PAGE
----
Apple's smartwatch-related announcements on Monday, including a price drop, reveal a clever adjustment to slow sales in 2015 for the entire smartwatch category, analysts said.
The biggest news: Apple announced a $50 price cut to $299 for its entry-level 38mm Apple Watch Sport model, along with several new watchband colors. The stylish woven nylon bands will cost $49 apiece when purchased separately from Apple. The 42mm Sport model was also reduced by $50 to $349.
Possibly more important, Apple didn't announced a second-generation Apple Watch, even though many observers thought Apple would do so. The unveiling of a new watch is now expected in June or July, with sales timed for the fall.
Apple Watch 2, or whatever it is finally called, is expected to be thinner and faster than its predecessor. The device also is likely to include standalone wireless capability, perhaps with LTE or 3G, to supplement Bluetooth and Wi-Fi connectivity, several analysts said.
The entry-level Apple Watch price cut came as Apple also expanded its focus on health and medical research apps. The Apple Watch can soon be used with the iPhone to help users actively manage their own medical conditions such as Parkinson's disease through a new software framework called CareKit, the company announced.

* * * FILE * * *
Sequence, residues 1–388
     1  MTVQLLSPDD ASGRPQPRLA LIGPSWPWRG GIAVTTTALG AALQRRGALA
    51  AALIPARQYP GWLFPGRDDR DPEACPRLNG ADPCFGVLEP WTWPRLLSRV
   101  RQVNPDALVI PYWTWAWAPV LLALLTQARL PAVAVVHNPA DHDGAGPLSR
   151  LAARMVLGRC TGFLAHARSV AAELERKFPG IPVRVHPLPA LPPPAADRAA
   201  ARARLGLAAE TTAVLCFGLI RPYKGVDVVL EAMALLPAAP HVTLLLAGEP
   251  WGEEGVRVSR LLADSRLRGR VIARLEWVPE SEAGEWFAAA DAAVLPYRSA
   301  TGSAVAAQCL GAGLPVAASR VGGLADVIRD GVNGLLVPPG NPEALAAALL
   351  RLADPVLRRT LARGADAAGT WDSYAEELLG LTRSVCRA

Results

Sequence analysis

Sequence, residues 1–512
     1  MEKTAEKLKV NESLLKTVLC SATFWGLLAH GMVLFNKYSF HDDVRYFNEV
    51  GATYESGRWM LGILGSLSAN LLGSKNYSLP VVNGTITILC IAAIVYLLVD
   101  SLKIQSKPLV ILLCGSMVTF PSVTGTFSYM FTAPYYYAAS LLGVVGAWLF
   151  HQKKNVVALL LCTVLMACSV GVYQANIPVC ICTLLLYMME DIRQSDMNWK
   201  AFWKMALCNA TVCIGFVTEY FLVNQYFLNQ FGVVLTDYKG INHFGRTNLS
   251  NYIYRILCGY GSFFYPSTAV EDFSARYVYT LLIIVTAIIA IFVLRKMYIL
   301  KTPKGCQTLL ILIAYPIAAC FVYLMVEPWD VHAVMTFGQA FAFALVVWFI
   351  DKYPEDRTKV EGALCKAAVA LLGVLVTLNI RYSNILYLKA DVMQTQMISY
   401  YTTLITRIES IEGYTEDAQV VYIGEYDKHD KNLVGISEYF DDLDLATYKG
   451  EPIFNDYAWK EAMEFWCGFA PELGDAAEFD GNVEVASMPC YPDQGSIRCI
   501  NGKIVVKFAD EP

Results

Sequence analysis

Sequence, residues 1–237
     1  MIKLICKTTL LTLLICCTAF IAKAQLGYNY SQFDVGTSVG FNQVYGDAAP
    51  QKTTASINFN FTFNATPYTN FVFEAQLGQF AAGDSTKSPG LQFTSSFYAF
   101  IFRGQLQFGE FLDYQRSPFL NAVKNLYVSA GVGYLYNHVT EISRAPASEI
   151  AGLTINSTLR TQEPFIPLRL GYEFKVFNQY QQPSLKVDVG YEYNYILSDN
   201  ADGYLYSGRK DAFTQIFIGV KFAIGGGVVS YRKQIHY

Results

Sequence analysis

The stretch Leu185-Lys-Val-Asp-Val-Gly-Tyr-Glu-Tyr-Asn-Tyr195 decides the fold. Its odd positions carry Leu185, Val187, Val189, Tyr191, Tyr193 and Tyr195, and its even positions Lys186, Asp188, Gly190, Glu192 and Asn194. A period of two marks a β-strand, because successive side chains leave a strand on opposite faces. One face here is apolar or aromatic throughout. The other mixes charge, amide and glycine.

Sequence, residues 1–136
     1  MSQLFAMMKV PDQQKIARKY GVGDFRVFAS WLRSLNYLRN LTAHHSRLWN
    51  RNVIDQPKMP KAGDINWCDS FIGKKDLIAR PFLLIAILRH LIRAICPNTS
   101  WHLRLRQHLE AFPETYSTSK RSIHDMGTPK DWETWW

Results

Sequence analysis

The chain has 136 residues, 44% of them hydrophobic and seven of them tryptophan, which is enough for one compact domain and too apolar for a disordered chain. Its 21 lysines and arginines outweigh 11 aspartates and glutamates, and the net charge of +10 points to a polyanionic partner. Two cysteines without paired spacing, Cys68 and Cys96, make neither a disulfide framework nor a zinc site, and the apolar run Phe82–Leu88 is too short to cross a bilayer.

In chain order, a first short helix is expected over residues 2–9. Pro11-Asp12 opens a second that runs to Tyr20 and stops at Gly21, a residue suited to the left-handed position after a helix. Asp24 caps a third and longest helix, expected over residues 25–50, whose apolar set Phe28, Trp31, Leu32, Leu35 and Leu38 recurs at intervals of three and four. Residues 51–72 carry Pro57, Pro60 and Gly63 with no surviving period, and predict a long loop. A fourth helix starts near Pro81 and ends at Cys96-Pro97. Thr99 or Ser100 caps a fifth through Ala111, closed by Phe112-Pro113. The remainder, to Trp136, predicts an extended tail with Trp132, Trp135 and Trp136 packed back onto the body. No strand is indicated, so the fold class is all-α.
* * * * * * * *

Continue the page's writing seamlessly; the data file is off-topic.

Expanding health apps, a cheaper smartwatch entry price and the addition of colorful, fashion-oriented wristbands were wise moves on Apple's part to expand its smartwatch popularity.
Even as Apple CEO Tim Cook noted that the original Apple Watch, which first went on sale in April 2015, had reached the status as the No. 1 selling smartwatch in the world, the claim probably wasn't all that meaningful, analysts noted. That's because smartwatch sales by various vendors were well below initial projections.
Gartner's initial projection of 40 million smartwatches of all brands sold in 2015 was 33% higher than the 30 million that actually sold.
And Apple shipped just 13 million smartwatches in 2015, IDC said, below the 21 million the research firm had projected earlier that year. IDC's claim was also well below other analysts' projections that Apple Watch sales would reach as many as 40 million.
In January, at CES, a Samsung official admitted that the smartwatch market was moving slower than many expected.
But Apple hasn't taken that tone. Cook noted Monday that Apple Watch customers are satisfied and see the devices as an "essential part of their daily lives. " Users are responding to messages from their Apple Watches and tracking their activities and getting up-to-date information, he said, "People also love changing the bands," he said, noting that one-third of Apple Watch wearers switch their watchbands.
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